I borrowed Philip Hoare's Risingtidefallingstar from the library purely on the recommendation of The Reluctant Dragon, because Susan and I seem to share similar tastes!

This is one of those books that is difficult to classify. It's part memoir, part nature study, part philosophical musing, part biography, all twining around the subject of the ocean. Hoare recounts the personal histories of various figures (Herman Melville, Elizabeth Barrett Browning, Stephen Tennant, Wilfrid Owen and others) whose lives were shaped by the sea in different ways, finding unexpected echoes and resonances between them, across time and space.

But this is also a very personal story about Hoare himself and his own obsession with the ocean (he has written two previous books about the sea). It's also a love letter to David Bowie in The Man Who Fell to Earth (though neither the film nor the performer is named).

Risingtidefallingstar is a meditative book which kept surprising me, like a wave rising up underneath you. The best way to approach it is just to spread your arms, lie back and surrender, and let it drift you where it will.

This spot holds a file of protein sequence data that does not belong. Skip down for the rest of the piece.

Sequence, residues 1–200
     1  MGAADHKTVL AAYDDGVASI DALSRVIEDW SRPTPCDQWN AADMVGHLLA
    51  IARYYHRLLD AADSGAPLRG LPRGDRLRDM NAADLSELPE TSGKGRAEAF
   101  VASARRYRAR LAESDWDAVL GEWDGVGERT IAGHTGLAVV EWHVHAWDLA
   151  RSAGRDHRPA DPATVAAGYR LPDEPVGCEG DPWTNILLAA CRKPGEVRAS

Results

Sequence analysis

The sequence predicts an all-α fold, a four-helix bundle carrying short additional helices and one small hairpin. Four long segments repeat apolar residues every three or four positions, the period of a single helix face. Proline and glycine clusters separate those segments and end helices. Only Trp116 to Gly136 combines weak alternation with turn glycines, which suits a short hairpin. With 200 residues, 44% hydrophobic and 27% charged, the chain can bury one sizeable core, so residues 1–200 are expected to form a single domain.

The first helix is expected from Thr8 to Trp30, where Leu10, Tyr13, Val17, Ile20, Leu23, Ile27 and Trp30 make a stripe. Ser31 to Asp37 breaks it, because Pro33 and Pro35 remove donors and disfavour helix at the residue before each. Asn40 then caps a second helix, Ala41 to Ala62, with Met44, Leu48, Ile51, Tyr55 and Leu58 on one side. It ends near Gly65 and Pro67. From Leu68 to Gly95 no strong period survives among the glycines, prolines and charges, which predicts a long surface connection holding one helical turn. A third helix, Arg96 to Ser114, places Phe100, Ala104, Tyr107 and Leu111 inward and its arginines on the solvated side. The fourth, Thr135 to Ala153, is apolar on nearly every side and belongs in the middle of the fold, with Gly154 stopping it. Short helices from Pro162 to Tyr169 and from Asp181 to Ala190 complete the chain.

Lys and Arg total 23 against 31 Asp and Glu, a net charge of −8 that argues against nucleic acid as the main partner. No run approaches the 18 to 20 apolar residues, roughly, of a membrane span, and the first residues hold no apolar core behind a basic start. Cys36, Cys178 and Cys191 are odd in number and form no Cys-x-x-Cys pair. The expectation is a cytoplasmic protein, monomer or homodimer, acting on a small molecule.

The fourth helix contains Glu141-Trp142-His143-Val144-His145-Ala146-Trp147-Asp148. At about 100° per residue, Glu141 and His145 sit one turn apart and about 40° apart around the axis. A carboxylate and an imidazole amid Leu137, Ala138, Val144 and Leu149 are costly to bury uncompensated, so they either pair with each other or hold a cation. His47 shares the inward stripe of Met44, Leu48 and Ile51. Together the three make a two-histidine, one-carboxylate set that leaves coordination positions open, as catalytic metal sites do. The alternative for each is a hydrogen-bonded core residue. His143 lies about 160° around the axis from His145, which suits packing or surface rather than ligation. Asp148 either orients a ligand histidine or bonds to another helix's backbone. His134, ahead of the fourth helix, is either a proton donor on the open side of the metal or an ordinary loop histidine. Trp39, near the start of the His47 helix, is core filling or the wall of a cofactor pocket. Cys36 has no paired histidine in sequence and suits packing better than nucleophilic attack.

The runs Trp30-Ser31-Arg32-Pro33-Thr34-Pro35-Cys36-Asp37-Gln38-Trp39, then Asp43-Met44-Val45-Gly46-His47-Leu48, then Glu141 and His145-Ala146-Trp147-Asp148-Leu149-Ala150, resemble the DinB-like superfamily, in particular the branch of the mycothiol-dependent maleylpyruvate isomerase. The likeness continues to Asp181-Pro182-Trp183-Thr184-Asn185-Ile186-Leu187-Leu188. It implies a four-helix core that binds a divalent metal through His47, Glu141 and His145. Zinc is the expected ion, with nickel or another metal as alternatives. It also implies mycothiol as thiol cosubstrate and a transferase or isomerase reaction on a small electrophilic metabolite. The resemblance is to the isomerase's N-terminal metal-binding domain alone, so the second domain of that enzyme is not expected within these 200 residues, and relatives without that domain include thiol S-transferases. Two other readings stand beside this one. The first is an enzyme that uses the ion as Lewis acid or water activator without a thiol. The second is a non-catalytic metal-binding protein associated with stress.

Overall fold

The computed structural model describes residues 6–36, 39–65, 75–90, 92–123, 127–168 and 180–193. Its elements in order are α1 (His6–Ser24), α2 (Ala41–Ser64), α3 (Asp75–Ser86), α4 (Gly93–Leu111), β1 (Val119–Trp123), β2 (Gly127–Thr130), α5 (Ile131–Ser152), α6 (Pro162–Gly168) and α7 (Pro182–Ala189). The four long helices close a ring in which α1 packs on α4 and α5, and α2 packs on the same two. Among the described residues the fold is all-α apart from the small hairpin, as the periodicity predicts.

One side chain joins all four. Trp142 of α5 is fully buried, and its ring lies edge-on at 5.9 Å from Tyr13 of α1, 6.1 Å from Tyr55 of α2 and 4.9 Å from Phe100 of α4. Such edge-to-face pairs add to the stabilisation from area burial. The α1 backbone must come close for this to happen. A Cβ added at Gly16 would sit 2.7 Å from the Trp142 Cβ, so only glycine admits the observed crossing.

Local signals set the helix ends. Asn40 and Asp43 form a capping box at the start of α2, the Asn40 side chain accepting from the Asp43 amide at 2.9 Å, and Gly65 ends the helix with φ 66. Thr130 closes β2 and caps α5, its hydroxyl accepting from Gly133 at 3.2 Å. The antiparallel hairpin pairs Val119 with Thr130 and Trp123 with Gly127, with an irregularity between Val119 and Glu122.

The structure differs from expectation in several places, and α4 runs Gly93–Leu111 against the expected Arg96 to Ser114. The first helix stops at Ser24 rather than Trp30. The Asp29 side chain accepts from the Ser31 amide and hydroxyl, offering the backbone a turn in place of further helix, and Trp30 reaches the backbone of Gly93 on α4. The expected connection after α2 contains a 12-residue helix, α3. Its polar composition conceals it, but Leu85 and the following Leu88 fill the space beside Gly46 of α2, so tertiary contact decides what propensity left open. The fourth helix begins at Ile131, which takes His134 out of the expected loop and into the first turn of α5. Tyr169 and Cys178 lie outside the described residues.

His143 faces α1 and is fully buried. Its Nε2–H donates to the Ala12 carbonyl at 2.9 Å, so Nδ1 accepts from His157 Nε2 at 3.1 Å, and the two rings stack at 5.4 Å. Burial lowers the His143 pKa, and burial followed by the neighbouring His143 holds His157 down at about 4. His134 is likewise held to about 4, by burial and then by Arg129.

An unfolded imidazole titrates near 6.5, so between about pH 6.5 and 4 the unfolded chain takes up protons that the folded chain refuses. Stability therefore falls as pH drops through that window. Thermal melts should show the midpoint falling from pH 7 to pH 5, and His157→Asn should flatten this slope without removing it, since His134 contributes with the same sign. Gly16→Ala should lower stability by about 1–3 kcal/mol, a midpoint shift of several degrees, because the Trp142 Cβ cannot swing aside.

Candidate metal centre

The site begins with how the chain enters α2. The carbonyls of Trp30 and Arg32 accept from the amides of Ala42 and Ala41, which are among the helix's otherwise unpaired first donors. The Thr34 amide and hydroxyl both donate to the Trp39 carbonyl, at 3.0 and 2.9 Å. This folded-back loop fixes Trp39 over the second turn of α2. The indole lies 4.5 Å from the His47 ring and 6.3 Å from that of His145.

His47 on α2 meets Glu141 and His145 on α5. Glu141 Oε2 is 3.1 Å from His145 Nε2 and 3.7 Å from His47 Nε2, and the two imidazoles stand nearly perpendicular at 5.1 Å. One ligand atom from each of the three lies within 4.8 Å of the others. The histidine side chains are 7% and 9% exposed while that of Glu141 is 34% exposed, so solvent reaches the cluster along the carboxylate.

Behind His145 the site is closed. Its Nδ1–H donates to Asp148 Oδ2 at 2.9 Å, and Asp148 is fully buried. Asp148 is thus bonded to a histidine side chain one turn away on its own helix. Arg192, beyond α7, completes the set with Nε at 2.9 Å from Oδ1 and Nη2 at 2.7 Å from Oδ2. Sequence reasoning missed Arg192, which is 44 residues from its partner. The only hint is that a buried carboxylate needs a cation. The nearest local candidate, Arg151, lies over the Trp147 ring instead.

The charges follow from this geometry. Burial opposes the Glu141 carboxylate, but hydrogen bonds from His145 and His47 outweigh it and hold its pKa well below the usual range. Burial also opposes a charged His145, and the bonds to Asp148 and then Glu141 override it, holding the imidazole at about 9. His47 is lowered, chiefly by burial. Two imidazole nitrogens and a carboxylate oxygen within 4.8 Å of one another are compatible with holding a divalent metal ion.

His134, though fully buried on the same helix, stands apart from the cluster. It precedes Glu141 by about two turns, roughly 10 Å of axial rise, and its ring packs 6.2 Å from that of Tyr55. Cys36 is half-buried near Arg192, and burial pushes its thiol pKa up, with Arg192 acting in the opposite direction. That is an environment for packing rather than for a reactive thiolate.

1. Yes, you are quite right - with these odd, unclassifiable books, lying back and drifting seems the only approach. I've also read a couple of books by W G Sebald (Austerlitz, Rings of Saturn) where my desire to work out what he was on about got in the way, and once I surrendered, they were among my peak reading experiences. And yet in general I'd say I don't really enjoy "challenging" books all that much. And speaking of challenges - we're about to start Book Group again. I wonder what the CAE have in store for us in 2019!

  2. And thank you for following up my recommendation. Yes, we do seem to have similar tastes!

  3. I might have to check out WG Sebald -- maybe not just yet, though. One unclassifiable book at a time is enough. Even when you just float through them, they are quite hard work!